In the distant future, a quartet of supernatural beings will pierce the veil between the heavens and the Earth, entering our world atop powerful steeds.
Below, a vast battle will later play out, with the forces of the Dragon—Satan—battling Jesus Christ, the God of the universe in human form.
And somewhere in between, angels will pour bowls of contagion upon the Earth, a seven-headed beast will arise from the sea, and the number “666” will serve as a mysterious mark of evil.
This is the apocalyptic vision which the Biblical Book of Revelation says will come to pass, according to the understanding of many Christians. In this view, Revelation is a sort of crystal ball that gives a timeline of literal future events.
But the truth is this: Revelation doesn’t mean what many readers think it does. When we delve into this enigmatic book of the Bible, we find that the fantastical surface imagery is just the beginning—there’s so much more to this book than dragons, beasts, and horsemen.
Revelation is filled with some pretty colorful imagery. There are monsters, plagues, angels, and much more. But the thing to remember here is many of these images are symbols—things that represent something else, often something larger and more complex.
Revelation is an example of apocalyptic literature, which was popular amongst Jews and Christians from around 200 B.C. to A.D. 200, and is marked by the use of symbolic language. These symbols take abstract spiritual meaning and put it into concrete form, communicating spiritual truths to readers.
While it’s beyond the scope of this article to examine every symbol in Revelation, we can look at a few so that you can get a handle on how to interpret them.
For example, the seven-headed, ten-horned beast which rises from the sea most likely refers to a coalition of nations which are under Satan’s control. This beast will go to war against God’s people, winning for a time, and will claim authority over the world.
How do we know this? In earlier books of the Bible, corrupt nations are sometimes described as beasts. In Daniel 2:31, Daniel is granted a vision of worldly kingdoms as grotesque monsters. This symbolic language conveys corruption and viciousness in a way that literal language does not.
This same method of interpretation can be applied to most of the imagery of Revelation, from the four horsemen, to the Dragon, to the bowls of pestilence.
But despite being symbolic, these images describe very real events. Just because there won’t be monsters rising from the sea and horsemen riding through the air doesn’t mean that Revelation doesn’t have something meaningful to tell us.
But is Revelation’s message pointing to the future, as many believe, or does it point to events in the past?
Prophecy or History?
Most Christians believe that the book of Revelation refers to events which are to take place in the future, but this view may be only partially right. Let’s look at why.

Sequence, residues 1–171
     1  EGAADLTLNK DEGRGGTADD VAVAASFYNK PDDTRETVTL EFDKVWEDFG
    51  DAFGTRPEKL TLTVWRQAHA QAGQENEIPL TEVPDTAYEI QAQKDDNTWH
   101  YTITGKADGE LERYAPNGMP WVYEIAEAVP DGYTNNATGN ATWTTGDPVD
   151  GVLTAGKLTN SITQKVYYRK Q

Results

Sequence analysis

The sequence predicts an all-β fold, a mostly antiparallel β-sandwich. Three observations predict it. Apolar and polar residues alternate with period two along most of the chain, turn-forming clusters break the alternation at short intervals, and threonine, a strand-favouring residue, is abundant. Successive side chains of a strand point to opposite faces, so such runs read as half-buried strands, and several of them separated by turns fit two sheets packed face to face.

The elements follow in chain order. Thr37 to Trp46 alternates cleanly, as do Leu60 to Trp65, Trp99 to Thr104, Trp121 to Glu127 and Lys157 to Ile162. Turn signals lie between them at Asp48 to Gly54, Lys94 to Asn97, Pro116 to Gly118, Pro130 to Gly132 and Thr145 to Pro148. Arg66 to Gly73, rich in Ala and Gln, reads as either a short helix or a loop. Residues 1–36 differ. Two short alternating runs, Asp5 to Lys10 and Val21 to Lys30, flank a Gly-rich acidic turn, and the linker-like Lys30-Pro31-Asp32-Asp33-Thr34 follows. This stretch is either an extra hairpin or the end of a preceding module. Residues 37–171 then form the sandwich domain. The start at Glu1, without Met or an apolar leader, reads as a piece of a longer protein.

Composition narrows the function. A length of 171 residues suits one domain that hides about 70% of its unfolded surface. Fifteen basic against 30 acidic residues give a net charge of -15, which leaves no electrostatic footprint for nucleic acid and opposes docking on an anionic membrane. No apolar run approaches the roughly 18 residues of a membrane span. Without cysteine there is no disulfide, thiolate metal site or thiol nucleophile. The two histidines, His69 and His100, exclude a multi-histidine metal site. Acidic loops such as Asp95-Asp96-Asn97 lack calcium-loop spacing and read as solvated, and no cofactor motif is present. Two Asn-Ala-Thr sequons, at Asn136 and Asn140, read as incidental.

Revelation was written by John the Apostle, wherein he describes a series of prophetic visions. But these visions seem to strongly correspond to events that were happening not in the future, but in John’s time.
This view that Revelation is a prophecy of Church history from the first advent to the Second Coming of Christ means that some of Revelation’s prophecies have come to pass, where others still lie in the future.
How can we know this? Well, Revelation tells us! In Revelation 1, John writes that the events of the book must “soon take place.” It doesn’t begin the way the pseudepigraphal Book of Enoch does, with the promise that the described events are for a future generation. John points to imminent fulfillment.
And so we can gather that Revelation isn’t just predicting the future, but also had relevancy to the 1st-century Christian Church. Many scholars believe that the Beast of Revelation 17:7 represents the Roman Empire, which persecuted Christians at the time. The seven heads are seven emperors of Rome, and the sixth king, “who is” is Nero, who was likely to be the reigning emperor at the time Revelation was written. Rome was also known as the “city of seven hills.”
Further reading shows that the beast was given a mouth with which to blaspheme against God—Nero was one of only two Roman emperors to demand to be treated as divinity, and, in fact, claimed to be Apollo, the sun god. He mocked and executed Christians, fulfilling Revelation 13:7’s promise that the beast would be given the power to make war with the saints.
Other parts of Revelation, such as Christ’s return and the establishment of God’s kingdom on earth haven’t yet come to pass, and thus, still remain within the realm of future prophecy. We must not make the mistake, however, of automatically assuming that everything in the book of Revelation has yet to take place—to do so would be to miss out on the overall message of the book.
The Message of Revelation
Despite the fact that some aspects of Revelation are still hotly debated by scholars and misunderstood by the general public, the main point of the book is clear: Jesus will return again, the dead in Christ will rise in order to be judged by God, and God’s beautiful, perfect kingdom will be established on Earth.
Revelation is a hope-filled, poetic work that points to the triumph of Jesus, and the coming of a better time, despite our current circumstances. It acknowledges that history has been difficult, and will remain so, but that at the end of it all lies a time where God will “wipe every tear,” and “There will be no more death or mourning or crying or pain, for the old order of things has passed away.”
This is the message of the prophecies given to John, and if you take nothing else from this book, take hope. God’s ultimate victory over evil, yesterday and tomorrow, is an image we can all appreciate.